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All Children Should Be Anaesthetised in a Children’s Hospital. Dori Ann McCulloch MidStaffordshire Hospital NHS Foundation Trust Paediatric Anaesthetic Network June 2010. WHY?!?. Why not?!?. Report of the National Confidential Enquiry into Perioperative Deaths, 1989

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all children should be anaesthetised in a children s hospital

All Children Should Be Anaesthetised in a Children’s Hospital

Dori Ann McCulloch

MidStaffordshire Hospital NHS Foundation Trust

Paediatric Anaesthetic Network

June 2010

why not
Why not?!?
  • Report of the National Confidential Enquiry into Perioperative Deaths, 1989
  • Deaths in hospitals of children under the age of 10 years
  • J Lunn 1992 Paediatric Anaesthesia
  • “Implications of the National Confidential Enquiry into Perioperative Deaths for paediatric anaesthesia”
what s been happening since then
What’s been happening since then?
  • Various interpretations
  • Many articles
  • Thousands of words
  • Meetings and meetings
  • And then, standards
editorial
Editorial
  • Tomlinson A, Anaesthetists and care of the critically ill child, Anaesthesia Volume 58 Issue 4, p309-311.
  • Some hospitals refuse to anaesthetise under two’s
  • Some anaesthetists refuse to treat or anaesthetise children of varying ages
  • Some surgical departments refused to do emergencies in children
good surgical practice
Good Surgical Practice
  • 2008 document
  • Royal College of Surgeons of England
good surgical practice11
Good Surgical Practice

“Surgeons must treat children only if they have the appropriate training and ongoingexperience in the clinical care of children in their speciality, except in the case of emergency.”

“Surgeons must demonstrate competence in their own area of practice and a willingness to refer where necessary.”

good surgical practice12
Good Surgical Practice
  • 13 general bullet points to meet standards
  • Working with children
    • Specialised communication with children
    • Be aware of the needs and welfare of children
    • Communicate effectively with parents
    • Protect the child’s privacy
    • Treat children only if appropriately trained and ongoing experience
the tanner report
The Tanner Report
  • ? New puberty guidelines?
  • “A team response to the acutely or critically sick or injured child in the district general hospital”
  • Department of Health, A team response
  • October 2006
working group or team
Working Group, or TEAM
  • Royal College of Paediatrics and Child Health
  • Royal College of Anaesthetists
  • Association of Paediatric Anaesthetists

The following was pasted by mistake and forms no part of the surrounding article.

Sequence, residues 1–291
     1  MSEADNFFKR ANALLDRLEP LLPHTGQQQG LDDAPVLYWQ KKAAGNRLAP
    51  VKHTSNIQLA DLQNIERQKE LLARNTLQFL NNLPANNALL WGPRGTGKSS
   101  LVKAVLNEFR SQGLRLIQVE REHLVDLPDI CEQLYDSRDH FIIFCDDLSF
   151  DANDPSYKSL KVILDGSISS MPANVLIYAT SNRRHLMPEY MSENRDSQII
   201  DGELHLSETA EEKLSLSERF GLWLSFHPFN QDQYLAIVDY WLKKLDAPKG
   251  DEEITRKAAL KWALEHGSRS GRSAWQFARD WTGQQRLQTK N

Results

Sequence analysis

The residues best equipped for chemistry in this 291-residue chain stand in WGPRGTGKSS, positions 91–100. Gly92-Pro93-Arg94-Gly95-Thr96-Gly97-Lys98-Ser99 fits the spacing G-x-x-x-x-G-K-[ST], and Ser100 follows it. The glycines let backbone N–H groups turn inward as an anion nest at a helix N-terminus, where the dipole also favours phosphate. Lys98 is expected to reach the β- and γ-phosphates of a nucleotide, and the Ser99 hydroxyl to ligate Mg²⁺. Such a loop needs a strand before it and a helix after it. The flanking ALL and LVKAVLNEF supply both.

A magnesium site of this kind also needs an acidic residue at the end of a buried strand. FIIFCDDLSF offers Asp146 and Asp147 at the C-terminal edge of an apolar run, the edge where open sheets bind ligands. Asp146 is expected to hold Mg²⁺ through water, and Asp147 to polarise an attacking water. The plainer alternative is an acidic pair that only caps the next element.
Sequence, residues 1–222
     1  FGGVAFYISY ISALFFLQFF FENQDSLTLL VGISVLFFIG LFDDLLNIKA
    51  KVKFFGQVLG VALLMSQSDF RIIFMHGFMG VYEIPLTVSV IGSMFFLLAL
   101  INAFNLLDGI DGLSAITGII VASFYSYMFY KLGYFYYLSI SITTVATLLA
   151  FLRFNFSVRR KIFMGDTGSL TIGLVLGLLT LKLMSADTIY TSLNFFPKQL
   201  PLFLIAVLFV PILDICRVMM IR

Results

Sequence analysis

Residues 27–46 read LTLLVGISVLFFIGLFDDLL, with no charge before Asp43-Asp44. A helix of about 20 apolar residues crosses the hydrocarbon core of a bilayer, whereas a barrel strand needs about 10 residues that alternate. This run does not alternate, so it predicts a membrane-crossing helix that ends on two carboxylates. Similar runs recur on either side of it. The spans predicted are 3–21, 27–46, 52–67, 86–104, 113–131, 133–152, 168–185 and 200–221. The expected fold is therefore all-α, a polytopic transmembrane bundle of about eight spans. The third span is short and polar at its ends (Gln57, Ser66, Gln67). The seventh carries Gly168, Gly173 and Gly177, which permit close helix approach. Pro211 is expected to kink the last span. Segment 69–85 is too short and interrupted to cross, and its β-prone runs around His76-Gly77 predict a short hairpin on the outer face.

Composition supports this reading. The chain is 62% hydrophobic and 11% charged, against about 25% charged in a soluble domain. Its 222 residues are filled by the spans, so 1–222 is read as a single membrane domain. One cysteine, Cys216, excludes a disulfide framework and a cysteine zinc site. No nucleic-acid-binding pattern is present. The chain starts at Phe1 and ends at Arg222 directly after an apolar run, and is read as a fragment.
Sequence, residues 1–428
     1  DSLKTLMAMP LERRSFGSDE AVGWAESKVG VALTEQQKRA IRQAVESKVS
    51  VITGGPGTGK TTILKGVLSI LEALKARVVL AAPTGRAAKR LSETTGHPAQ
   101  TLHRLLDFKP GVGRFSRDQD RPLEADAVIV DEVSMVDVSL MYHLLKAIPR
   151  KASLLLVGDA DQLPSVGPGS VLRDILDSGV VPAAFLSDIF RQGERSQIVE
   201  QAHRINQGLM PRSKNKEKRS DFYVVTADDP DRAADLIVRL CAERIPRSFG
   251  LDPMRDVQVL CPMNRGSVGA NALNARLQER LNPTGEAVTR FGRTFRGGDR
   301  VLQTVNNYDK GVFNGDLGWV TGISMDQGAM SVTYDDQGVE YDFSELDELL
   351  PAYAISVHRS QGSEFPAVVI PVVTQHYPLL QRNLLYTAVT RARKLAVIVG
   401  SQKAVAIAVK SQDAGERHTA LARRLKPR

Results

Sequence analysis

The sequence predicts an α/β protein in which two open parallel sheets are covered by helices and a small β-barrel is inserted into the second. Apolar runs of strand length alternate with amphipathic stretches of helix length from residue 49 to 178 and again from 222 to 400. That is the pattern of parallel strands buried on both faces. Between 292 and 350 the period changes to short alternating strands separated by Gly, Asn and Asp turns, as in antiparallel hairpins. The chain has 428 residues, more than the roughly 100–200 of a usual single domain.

• Children’s Surgical Forum of the Royal College of Surgeons
  • British Association of Paediatric Surgeons
  • Royal College of Nursing
  • Department of Health
  • a parent
the tanner report15
The Tanner Report
  • Six generic skills
    • Recognise the critically sick or injured child
    • Initiate appropriate immediate treatment
    • Work as part of a team
    • Maintain and enhance skills
    • Be aware of issues around safeguarding children
    • Communicate effectively with children & carers
tanner continued
Tanner, continued
  • Skills maintenance including specialised courses, in house courses, personal practice, logbook proof of competency
  • Anaesthetists with limited ability to maintain his/her skills may benefit from an attachment to a larger centre.
tanner continued17
Tanner, continued
  • Emergency surgery in children should only take place in hospitals that have inpatient children’s facilities and that provide elective surgical care
improving services for children in hospital
Improving services for children in hospital
  • Healthcare Commission Document
  • Report of the follow-up to the 2005/06 review
  • March 2009
restrictions
Restrictions!
  • Child protection training for nurses, consultant surgeons & consultant anaesthetists in emergency care & day case care
  • Managing pain & administration of analgesia by nurses in emergency care and day case care (?!?)
more restrictions
More restrictions
  • Training in life support for nurses, consultant surgeons and consultant anaesthetists
  • 26% currently successful
  • Maintaining the skills of appropriately experienced staff in outpatient and surgical settings
  • 28% currently successful
conclusions or more numbers
Conclusions, or more numbers
  • Surgeons
    • Consultant surgeons carrying out insufficient levels of work on children, less than 100 finished consultant episodes in a year
  • Anaesthetists
    • By inference suggest each consultant anaesthetist should anaesthetise 21 children in a year aged 29 days to 12 years
in conclusion
In conclusion
  • “The results of anaesthesia and surgery for children in the United Kingdom are very good.”
  • Lunn JN. Implications of the National Confidential Enquiry into Perioperative Deaths for paediatric anaesthesia. Paediatric Anaesthesia 1992
sources
Sources
  • Royal College of Surgeons of England, Surgery for Children: Delivering a First Class Service (Report of the Children’s Surgical Forum), July 2007
  • Department of Health, The Acutely or Critically Sick or Injured Child in the District General Hospital: A Team Response, 2006
  • Lunn JN, Implications of the National Confidential Enquiry into Perioperative Deaths for paediatric anaesthesia, Paediatric Anaesthesia 1992; 2:69-72.
  • Paediatric Surgery conference 2010
  • Tomlinson A, Anaesthetists and care of the critically ill child, Anaesthesia Volume 58 Issue 4, p309-311.